Philip Hone’s New York

PrintPrintEmailEmail

Daniel Webster was, perhaps, his most particular god, his frequent host in Massachusetts, his guest often. On one occasion the hospitality was involuntary but none the less enthusiastic. Hone was sharing a room with a political crony one night at a hotel in a particularly crowded Baltimore at convention time and was startled awake in the early hours, having retired while his roommate was still being sociable downstairs. Hone sensed a presence beneficent and powerful; he looked and “lo! the dome over the temple of Webster, the forehead of the great Daniel, with the two lambent stars set in the dark shadow of its architrave” (as Nathaniel P. Willis, a flamboyant newspaperman of the period, put it, to Hone’s considerable delight) loomed above him. Realizing at last that the apparition was no figment, but real, Hone sat up. “Sir,” he said to Webster, “I have no hat on, but off comes my nightcap in your presence.” And it did, sweepingly. His companion had offered Daniel his bed, there being no more room in town.

Changes almost incredible to Hone followed each other rapidly in the long years his individualistic diary covers. To cite a local instance, he sold his house in 1836 for $60,000 to be converted into shops. When he was a child there had been three shops along the whole length of Broadway, and now suddenly it was to lose its residential aspect. The upper portion of his premises was to be occupied by the American Hotel, whose adjacent building had been demolished in one of the many fires. But what astounded Hone was the skyrocketing of real-estate values, which he did not think could last. To the end of his life he would be kept marveling at how wrong his forecast had been.

He now bought for $15,000 a building lot on a corner of Broadway as far north as Washington Square—far uptown; and while a new residence was going up for him there, he rented a marble mansion nearby for $1,600 a year. Soon after moving in, he went to a party honoring the bride of a young son of one of his neighbors. The great majority of houses, including Hone’s, had no illumination but candles, and he often dwells on the beauty and the softness of the glow. But here was something revolutionary: The home is lighted with gas, and the quantity consumed being greater than common, it gave out suddenly in the midst of a cotillion. “Darkness overspread the land.” This accident occasioned great merriment to the company and some embarrassment to the host and hostess, but a fresh supply of gas was obtained, and in a short time the fair dancers were again “tripping it on the light fantastic toe.”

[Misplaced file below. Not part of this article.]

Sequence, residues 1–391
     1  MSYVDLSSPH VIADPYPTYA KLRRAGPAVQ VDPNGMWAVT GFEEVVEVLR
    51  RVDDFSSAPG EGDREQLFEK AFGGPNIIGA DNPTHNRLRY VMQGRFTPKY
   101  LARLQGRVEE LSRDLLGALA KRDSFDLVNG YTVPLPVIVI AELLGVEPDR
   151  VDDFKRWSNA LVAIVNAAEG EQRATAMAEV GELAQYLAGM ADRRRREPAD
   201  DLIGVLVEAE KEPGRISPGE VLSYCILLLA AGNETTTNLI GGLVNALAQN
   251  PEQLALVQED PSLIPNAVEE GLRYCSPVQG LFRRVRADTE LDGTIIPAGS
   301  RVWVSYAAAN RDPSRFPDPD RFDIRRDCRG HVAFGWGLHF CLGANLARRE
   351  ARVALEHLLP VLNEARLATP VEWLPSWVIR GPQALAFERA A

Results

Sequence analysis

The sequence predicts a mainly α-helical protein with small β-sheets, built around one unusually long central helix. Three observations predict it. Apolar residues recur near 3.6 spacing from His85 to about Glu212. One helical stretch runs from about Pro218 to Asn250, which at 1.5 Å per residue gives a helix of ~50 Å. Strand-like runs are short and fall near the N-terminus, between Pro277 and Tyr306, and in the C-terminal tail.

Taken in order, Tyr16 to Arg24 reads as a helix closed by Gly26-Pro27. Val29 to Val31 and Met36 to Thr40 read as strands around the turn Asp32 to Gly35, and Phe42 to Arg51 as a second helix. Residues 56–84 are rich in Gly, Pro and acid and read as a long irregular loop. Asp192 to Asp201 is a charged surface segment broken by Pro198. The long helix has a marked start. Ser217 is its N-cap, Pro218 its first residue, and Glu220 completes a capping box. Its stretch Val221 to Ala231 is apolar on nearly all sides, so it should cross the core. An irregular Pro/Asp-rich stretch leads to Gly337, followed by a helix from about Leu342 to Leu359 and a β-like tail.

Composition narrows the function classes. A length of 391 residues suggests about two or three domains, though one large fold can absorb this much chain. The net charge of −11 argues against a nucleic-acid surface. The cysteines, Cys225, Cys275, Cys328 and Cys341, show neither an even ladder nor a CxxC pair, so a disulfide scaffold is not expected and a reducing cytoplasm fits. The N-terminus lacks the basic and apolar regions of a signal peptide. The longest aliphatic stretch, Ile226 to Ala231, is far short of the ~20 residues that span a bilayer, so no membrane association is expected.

Gas is a handsome light in a large room…on an occasion of this kind, but liable (I should think) at all times to give the company the slip, and illy calculated for the ordinary uses of a family.

He was an originator and a director of the Delaware & Hudson Canal, for waterways were proving popular. He was also part proprietor of certain coal mines operated near its Pennsylvania end, the place of the mines being called Honesdale in his honor. He paid a visit there in 1841, in company with Washington Irving. The New Yorkers traveled on a horse-drawn canal boat, slept on plank shelves, and ate hardtack when not favored by the eager hospitality of widely spaced waterside friends. Said Hone: [Irving] enjoyed himself to the very top of his bent. He has been in perfect raptures all the way. I have never known him so entertaining. He jokes and laughs and tells stories.…In fact the whole voyage has been one of mirth and good humor.

To Hone the up-to-date was always something of an intrusion. They saw a railroad train carry off 900 tons of coal, and were told that it was a daily event—”fifty per cent more than the business of last year.” He appreciated that and could well enough enjoy the convenience and speed of travel under steam. In transit from Philadelphia to Washington, in a matter of hours, on a newly constructed Philadelphia & Baltimore Railroad, he notes that the same ride had always taken him two days and a night in the frigid stagecoaches and on the oar-propelled crossing of the often icy Susquehanna. A steamboat took him swiftly across the river now, carrying the passengers below and the railroad cars themselves above, with an ice cutter on the bow to boot. Hone’s only complaint as he re-entrained on the other side was a modern one, that the stoves made the cars “a little too warm.”

He was skeptical when told that steamboats might cross the Atlantic. He conceded that it would be “presumptuous to…doubt…the success of any new experiment in the mechanical arts,” but in 1837 he could not conceive of either safety or convenience in such a substitute for the sailing ships: In light headwinds and moderate weather, a steamer would go wheezing and puffing alongside of the proudest ship in the British or American navy, and passing, laugh her to scorn; but let the ocean be lashed into such a foam as I saw it several times last year, and let the waves run high as the topmast, and how is this long stiff vessel, over-burthened with the weight of machinery, with a burning volcano in her bowels, to ride on the crested billows and sink again into the dark, deep caverns? It may answer—and if it does, heigh for the Downs, the Mersey or the Seine in ten days!